Sermon – Luke 5:1-11

I like this story.  I like the way Luke portrays what it looks like when Jesus calls Peter into being one of his disciples.  I think Luke gets the story right because this story speaks truthfully about what life really looks like.  You see, if you look up this story in the Gospel of Matthew or the Gospel of Mark, you hear something completely different.  You’ll hear a story that goes something like this:

One day, Jesus was strolling along past the sea of Galilee when he stumbles upon two guys, named Simon and Andrew, throwing their net into the sea.  He thinks to himself, “Yeah, they’ll do.”  And so he  hollers to them, “Hey!  Hey!  You guys there!  What do you say you come and follow me around for awhile?  What’s that?  Yeah, no, you can leave the nets.  We’re going to fish for people.”  And of course this sounds better than what they’re doing.  So they drop their nets and off they go.

Easy as that, right?  Wrong.  Well at least according to Luke.  No, for Luke, this story is much different from the story in Matthew or Mark.  And I think Luke gets it right because Luke’s story has a little bit of real life sprinkled over it; Luke’s story has stress and disappointment, fear and resistance.  Luke knows something that everyone of you know.  Luke knows that life… is hard.  That’s the first line of a great book by Dr. M. Scott Peck called The Road Less Traveled – “Life is hard.”  You know this and I know this.  From the way Luke tells this story, it appears that Luke knows this.  Luke knows that being Jesus isn’t easy, because from the very beginning Jesus is literally being pushed out to sea with people pressing upon, demanding that he give them what they want.  Isn’t that how life is sometimes?  People pressing in upon, demanding you give them what they want?  Heck, Luke even knows that fishing isn’t easy because Simon Peter, James, and John all failed at it.  They are sitting there on the shore, washing their nets, and, quite frankly, they are ticked off.  All night long they fished and they caught nothing.  And now, they have to head home with their tail between their legs, knowing their kids will go to bed hungry.  Isn’t that how life is sometimes?  You head home with your tail between your legs after an unsuccessful day?  Life. Is. Hard.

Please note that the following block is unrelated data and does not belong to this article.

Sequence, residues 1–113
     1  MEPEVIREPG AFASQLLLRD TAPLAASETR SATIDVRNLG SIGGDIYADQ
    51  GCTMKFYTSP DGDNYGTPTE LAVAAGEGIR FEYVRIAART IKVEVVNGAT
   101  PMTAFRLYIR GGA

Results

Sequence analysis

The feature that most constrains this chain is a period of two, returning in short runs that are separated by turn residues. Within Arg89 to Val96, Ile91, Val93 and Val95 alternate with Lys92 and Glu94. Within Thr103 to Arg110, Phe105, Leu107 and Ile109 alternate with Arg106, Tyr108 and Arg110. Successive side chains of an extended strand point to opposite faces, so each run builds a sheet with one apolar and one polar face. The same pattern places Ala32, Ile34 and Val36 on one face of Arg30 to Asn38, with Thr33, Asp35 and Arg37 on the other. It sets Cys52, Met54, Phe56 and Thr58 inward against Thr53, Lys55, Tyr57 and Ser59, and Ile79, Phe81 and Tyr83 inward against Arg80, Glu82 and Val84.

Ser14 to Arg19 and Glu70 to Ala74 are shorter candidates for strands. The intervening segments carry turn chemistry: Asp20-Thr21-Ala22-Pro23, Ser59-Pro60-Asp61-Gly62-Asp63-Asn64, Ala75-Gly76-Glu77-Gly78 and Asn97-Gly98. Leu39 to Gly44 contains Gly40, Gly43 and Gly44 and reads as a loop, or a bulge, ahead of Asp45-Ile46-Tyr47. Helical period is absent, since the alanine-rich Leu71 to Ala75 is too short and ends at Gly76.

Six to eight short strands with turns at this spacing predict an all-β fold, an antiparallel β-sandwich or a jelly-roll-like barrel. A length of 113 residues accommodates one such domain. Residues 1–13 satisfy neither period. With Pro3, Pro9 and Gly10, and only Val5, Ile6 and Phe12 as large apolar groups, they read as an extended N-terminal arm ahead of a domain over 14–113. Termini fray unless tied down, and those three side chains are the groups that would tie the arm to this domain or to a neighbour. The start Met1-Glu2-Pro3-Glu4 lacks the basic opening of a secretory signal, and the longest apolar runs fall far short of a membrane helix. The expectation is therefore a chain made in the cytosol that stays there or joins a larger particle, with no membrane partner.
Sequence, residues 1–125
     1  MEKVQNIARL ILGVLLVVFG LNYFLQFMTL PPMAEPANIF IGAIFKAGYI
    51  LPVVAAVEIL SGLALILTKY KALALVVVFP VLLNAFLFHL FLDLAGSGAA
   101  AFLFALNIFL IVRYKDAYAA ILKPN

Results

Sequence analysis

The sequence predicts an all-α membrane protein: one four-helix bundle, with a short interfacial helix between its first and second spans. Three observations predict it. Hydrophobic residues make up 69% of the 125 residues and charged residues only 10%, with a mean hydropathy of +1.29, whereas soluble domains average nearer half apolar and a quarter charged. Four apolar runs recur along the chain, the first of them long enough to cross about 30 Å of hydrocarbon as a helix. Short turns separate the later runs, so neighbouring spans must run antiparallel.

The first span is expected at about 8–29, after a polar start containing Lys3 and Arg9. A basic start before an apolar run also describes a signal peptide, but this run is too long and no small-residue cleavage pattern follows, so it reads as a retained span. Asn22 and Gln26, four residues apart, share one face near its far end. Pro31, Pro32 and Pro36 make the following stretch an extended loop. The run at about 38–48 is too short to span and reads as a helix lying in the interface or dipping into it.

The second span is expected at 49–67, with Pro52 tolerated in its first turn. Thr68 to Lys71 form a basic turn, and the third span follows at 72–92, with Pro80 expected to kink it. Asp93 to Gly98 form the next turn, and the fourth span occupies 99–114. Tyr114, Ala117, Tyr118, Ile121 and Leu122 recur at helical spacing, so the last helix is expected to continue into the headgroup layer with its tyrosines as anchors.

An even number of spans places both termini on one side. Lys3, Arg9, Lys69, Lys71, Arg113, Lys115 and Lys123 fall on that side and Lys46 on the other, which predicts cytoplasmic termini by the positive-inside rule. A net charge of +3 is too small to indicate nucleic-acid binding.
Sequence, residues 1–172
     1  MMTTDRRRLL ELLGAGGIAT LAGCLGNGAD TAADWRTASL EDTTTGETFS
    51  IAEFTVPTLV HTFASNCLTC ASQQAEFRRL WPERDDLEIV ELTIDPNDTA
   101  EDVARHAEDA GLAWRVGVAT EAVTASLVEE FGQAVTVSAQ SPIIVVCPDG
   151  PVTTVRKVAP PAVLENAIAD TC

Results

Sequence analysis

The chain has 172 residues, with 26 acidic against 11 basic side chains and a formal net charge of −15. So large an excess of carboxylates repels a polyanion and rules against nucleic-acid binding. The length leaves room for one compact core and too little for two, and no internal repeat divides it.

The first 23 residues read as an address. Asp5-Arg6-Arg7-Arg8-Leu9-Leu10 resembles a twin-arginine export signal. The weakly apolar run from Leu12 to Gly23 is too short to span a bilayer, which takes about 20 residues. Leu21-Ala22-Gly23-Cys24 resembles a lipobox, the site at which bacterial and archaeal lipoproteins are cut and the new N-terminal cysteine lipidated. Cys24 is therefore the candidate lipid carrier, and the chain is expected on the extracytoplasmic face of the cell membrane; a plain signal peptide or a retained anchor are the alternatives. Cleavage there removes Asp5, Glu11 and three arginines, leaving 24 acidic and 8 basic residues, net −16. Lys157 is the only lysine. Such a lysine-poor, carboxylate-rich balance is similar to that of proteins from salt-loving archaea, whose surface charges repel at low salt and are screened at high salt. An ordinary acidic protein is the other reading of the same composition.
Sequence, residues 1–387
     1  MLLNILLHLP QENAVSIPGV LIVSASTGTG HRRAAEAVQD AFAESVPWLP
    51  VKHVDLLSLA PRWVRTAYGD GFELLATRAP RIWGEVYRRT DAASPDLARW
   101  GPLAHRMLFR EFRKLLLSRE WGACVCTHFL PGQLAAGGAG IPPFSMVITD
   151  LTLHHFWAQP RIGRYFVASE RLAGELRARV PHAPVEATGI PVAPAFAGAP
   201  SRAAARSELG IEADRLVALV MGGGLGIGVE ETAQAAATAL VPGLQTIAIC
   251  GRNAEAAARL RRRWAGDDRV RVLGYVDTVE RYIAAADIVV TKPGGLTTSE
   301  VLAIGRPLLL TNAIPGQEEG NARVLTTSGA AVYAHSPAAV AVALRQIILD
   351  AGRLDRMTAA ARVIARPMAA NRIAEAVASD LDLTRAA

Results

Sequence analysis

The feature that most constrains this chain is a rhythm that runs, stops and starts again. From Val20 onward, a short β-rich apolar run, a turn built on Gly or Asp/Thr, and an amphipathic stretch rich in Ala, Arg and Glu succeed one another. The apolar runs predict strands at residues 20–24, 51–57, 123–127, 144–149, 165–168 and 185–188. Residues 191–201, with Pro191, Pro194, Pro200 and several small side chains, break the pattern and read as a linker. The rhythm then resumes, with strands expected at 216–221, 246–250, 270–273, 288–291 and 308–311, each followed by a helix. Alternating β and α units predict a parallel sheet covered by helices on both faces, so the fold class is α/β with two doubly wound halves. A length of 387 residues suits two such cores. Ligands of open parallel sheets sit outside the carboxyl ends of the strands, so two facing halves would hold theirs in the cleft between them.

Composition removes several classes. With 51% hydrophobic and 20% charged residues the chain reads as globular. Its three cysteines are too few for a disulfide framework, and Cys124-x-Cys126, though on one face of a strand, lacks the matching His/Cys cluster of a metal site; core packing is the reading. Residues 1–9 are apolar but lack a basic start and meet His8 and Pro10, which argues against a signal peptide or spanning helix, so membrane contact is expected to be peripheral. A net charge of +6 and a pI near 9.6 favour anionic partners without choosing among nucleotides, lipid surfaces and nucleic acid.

I like this story.  It has a little bit of real life baked into it. You can see this again in the exchange between Jesus and Simon Peter.  Jesus has just finished speaking to the crowd and while standing in the boat that he stole, he sees Simon Peter, sitting on the shore, fuming over the lackluster day of fishing.  Jesus paddles on over towards him and he says something really profound.  Jesus reaches out, puts his hand on poor Simon Peter’s shoulder and he says….  ”Get back out there and start catching some fish.”  That’s what he says.  He doesn’t say, “Hey man, tough day.  I know a pub just down shore a bit.  Let me take you out.  No seriously, come on, I hear they have a great fish sandwich.”  No, Jesus says, “Get back out there, only this time, go deeper.  Go farther out.”